The phenoms that bloom in the fall - Sports Illustrated Vault |
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The phenoms that bloom in the fall

As the World Series waned and other pro seasons waxed, baseball's Instructional Leagues in Florida and Arizona were sharpening the skills of a bumper crop of young stars. You'll see the best before long

As play ended in the Florida Instructional League just the other day there were candy canes and plastic holly trees along Central Avenue in downtown St. Petersburg and Christmas carols could be heard on the warm afternoon air. To most sports fans, the concept that men were still playing professional baseball almost a month after the World Series may be reminiscent of Dick Clark's American Bandstand television shows of the late 1950s on which knots of teen-agers seemed to be constantly dancing because nobody ever bothered to tell them to stop. But the fall of 1972 was different. Never have Instructional League players looked so good or seemed so large—and over 500 of them were at work. They were assigned to either the Florida or the Arizona League to hasten their advancement to the majors, to make up for time lost either to serious injuries or service duty or to just plain learn the fundamentals of baseball.

In the last few seasons the Instructional Leagues have been sending players into the majors in large, talented clumps. Among the graduates are Ralph Garr, Bert Blyleven, Reggie Jackson, Bobby Bonds, Steve Blass, Gene Tenace, Scipio Spinks and Vida Blue. Rollie Fingers and Tom Hall, the relief stars of the World Series, have taken Instructional instruction. After his bad 1971 season, Johnny Bench got ready for 1972 by going to Tampa to correct some flaws in his batting style while getting his head screwed back on straight at the same time. You know what happened in 1972: most National League home runs and RBIs, the Most Valuable Player award.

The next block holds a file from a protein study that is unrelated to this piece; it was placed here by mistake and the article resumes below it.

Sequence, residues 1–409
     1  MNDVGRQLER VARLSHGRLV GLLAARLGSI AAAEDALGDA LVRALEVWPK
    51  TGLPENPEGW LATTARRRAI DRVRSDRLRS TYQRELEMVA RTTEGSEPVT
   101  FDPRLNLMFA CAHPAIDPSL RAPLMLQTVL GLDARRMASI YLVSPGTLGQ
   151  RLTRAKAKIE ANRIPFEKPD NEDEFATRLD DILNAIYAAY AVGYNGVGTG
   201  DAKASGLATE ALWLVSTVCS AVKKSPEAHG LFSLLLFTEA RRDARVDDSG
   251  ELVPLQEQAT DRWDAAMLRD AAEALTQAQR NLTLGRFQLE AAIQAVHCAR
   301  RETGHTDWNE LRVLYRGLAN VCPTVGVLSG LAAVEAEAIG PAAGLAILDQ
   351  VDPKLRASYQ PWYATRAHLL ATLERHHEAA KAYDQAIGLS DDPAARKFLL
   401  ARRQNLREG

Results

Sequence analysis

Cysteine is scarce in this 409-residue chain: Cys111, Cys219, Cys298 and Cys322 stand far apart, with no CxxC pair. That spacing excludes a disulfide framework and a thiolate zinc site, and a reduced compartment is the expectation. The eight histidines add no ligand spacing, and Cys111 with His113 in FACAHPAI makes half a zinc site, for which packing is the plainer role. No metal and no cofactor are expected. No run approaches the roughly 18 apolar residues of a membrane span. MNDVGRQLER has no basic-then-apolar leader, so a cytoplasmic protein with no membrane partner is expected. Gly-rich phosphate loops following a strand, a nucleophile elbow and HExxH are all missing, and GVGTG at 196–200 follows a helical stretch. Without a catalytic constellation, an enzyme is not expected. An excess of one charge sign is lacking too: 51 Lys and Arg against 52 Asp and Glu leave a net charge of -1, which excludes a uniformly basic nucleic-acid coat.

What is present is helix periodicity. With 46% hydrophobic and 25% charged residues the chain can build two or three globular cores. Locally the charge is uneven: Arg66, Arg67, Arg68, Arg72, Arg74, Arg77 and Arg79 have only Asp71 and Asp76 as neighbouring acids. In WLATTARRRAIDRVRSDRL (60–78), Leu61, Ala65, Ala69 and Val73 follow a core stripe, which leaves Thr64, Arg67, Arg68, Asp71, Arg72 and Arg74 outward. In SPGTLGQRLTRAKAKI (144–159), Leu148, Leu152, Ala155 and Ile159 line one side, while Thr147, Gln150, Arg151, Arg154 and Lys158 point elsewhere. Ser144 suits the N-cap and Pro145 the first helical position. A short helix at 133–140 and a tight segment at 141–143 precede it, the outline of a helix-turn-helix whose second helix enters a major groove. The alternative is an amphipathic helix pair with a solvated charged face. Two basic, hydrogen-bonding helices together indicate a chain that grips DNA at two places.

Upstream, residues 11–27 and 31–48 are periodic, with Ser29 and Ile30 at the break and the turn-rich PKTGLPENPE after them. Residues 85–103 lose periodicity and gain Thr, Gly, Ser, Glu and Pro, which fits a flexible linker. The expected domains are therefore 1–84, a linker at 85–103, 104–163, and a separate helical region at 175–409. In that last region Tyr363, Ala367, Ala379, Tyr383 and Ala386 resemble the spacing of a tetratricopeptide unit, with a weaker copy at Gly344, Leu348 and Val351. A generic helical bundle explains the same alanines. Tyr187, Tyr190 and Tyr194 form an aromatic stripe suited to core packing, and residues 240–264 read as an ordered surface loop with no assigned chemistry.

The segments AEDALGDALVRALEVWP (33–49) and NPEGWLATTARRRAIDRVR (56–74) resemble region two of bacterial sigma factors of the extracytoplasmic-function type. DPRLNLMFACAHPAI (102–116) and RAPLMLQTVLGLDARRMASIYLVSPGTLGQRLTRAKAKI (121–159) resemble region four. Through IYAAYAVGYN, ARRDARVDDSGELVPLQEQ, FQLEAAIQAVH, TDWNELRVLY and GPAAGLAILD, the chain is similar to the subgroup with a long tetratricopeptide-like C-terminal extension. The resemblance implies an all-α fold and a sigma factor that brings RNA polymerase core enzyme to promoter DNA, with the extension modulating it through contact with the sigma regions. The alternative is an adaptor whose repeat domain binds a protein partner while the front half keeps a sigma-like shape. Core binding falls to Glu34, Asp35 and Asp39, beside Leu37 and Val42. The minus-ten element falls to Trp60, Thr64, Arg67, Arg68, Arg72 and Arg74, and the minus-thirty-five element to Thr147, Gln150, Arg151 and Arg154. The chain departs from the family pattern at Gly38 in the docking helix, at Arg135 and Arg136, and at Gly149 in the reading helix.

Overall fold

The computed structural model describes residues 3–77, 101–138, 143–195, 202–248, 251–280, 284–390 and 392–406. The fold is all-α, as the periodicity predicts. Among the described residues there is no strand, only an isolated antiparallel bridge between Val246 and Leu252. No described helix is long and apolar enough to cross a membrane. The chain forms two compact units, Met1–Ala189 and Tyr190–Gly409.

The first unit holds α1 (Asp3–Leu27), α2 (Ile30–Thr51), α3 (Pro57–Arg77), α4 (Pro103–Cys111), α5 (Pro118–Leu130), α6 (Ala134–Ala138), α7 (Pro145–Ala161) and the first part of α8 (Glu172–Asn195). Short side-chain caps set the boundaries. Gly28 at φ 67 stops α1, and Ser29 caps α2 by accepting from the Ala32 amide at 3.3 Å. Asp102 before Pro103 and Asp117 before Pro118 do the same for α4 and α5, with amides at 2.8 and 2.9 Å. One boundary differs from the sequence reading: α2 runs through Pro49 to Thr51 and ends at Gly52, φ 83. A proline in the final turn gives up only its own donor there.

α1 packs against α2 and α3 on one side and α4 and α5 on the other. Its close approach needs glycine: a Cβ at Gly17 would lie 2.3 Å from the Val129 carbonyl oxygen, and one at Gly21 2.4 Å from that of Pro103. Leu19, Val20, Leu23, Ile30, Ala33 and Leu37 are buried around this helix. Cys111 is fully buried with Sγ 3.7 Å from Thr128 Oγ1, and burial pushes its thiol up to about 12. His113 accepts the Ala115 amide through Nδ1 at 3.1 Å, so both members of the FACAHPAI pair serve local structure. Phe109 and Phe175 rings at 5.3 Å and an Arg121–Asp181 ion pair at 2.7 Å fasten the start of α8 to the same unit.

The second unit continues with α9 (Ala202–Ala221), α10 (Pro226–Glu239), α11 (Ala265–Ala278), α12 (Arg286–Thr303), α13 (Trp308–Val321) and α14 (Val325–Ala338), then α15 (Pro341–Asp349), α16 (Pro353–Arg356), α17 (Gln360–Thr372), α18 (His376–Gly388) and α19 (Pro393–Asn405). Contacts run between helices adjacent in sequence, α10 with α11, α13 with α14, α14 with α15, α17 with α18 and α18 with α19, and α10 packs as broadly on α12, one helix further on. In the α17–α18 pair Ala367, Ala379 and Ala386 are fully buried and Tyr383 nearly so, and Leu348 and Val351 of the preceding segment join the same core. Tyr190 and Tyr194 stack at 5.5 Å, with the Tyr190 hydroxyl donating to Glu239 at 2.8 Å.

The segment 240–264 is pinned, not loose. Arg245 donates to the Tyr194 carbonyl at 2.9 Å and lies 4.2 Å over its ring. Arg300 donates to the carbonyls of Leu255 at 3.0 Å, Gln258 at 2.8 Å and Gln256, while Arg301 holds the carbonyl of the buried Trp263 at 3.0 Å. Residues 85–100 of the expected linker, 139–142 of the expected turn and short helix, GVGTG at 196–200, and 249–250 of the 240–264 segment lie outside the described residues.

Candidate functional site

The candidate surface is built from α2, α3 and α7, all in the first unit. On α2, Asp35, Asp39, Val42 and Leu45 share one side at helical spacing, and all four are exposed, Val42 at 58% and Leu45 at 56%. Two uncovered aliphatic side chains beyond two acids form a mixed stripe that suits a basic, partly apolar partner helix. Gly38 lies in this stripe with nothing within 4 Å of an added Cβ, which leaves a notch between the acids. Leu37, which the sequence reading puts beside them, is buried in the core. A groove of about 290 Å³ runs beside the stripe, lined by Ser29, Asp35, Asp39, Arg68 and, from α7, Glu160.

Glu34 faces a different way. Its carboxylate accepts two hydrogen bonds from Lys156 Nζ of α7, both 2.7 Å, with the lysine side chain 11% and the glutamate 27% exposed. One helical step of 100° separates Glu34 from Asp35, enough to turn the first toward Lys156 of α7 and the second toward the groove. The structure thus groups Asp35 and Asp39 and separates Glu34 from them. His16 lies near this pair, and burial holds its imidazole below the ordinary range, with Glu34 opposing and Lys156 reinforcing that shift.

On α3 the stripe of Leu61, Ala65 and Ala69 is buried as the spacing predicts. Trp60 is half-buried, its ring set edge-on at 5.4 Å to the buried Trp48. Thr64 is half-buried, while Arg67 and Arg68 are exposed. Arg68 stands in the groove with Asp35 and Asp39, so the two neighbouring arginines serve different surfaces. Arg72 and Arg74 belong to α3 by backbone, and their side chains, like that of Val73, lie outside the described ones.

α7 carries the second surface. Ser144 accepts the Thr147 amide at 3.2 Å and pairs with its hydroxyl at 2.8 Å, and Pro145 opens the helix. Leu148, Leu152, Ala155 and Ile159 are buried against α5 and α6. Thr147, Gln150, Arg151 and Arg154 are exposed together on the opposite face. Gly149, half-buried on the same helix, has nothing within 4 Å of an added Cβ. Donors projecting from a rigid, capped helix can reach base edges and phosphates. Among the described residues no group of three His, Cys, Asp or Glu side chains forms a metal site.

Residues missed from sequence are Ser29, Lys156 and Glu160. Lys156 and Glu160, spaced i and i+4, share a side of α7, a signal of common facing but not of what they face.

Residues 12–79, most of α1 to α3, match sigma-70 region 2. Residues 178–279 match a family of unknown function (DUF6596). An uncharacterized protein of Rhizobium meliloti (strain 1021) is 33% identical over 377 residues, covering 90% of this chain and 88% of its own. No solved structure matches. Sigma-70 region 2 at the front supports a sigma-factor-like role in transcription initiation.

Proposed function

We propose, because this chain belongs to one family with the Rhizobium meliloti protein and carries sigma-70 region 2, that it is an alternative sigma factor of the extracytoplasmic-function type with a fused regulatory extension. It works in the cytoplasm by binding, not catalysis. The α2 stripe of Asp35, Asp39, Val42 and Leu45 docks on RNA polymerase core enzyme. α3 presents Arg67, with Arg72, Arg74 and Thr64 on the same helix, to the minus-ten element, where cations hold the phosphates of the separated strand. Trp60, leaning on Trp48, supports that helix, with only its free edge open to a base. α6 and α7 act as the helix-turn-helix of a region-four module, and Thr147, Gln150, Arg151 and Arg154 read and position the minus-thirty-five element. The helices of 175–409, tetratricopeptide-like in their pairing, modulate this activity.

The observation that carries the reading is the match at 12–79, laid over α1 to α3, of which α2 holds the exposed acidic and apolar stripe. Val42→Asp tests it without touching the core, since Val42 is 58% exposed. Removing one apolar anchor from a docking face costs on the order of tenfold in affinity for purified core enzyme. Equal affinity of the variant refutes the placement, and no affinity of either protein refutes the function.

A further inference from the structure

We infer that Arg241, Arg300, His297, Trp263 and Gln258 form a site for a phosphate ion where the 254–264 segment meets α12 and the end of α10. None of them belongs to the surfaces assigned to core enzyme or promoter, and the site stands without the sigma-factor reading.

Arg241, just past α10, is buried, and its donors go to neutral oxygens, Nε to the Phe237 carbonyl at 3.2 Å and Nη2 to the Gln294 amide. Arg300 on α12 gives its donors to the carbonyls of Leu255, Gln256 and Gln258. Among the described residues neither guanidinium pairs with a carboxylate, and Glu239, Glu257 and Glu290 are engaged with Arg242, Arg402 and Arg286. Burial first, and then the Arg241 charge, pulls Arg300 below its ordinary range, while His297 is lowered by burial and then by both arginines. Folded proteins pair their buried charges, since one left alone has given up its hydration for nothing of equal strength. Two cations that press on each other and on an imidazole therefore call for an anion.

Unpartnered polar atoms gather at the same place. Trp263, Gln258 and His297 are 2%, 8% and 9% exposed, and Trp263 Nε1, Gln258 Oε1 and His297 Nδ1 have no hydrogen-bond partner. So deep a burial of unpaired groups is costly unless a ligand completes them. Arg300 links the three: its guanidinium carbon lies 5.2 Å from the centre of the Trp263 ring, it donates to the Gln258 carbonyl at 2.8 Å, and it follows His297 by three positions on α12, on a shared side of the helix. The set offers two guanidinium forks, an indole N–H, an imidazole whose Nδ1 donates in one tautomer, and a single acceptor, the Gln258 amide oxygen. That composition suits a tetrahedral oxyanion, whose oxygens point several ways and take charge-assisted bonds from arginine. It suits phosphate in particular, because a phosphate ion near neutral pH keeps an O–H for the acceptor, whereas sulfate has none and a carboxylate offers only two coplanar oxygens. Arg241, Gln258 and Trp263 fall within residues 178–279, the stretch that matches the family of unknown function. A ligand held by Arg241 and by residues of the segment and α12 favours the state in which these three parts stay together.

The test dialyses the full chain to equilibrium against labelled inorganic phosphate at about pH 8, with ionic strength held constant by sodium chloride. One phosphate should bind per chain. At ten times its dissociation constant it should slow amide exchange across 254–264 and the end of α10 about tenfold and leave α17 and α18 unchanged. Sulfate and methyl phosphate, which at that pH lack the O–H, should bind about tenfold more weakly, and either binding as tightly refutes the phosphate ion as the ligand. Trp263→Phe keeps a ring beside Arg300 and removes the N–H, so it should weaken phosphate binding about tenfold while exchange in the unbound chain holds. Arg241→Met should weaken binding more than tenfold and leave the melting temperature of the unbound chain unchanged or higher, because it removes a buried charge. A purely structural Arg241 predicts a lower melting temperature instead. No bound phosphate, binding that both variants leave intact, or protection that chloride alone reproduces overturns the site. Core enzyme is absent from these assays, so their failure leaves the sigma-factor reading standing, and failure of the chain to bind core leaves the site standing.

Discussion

Any assumption that the supply of baseball players has dried up because of expansion is obviously fallacious, as will be established in the next few seasons—perhaps as quickly as April 1973. What's more, some of the finest young players are going to wind up on teams that need them the most.

Detroit, for example, appears to have a truly superior prospect in a 20-year-old second baseman named Dan Meyer. In 1972 Meyer played for Bristol, Va. in the Appalachian League and hit .396. Tiger executives, having trouble believing the .396, sent Meyer off to Dunedin, Fla. to see how he could handle advanced pitching in the Instructional League. Meyer hit .409.

In June and July the Boston Red Sox were being criticized because their farm system seemed to be producing far too few big-league players. Then, led by Carlton Fisk, the young Red Sox cut loose and moved the team into contention in the American League East. The best team in the Southern Division of this year's Florida Instructional League was Boston—and half of the Red Sox pitchers in Florida were left-handed. Whenever Boston gets a winning left-handed pitcher into Fenway Park the light goes on in Old North Church.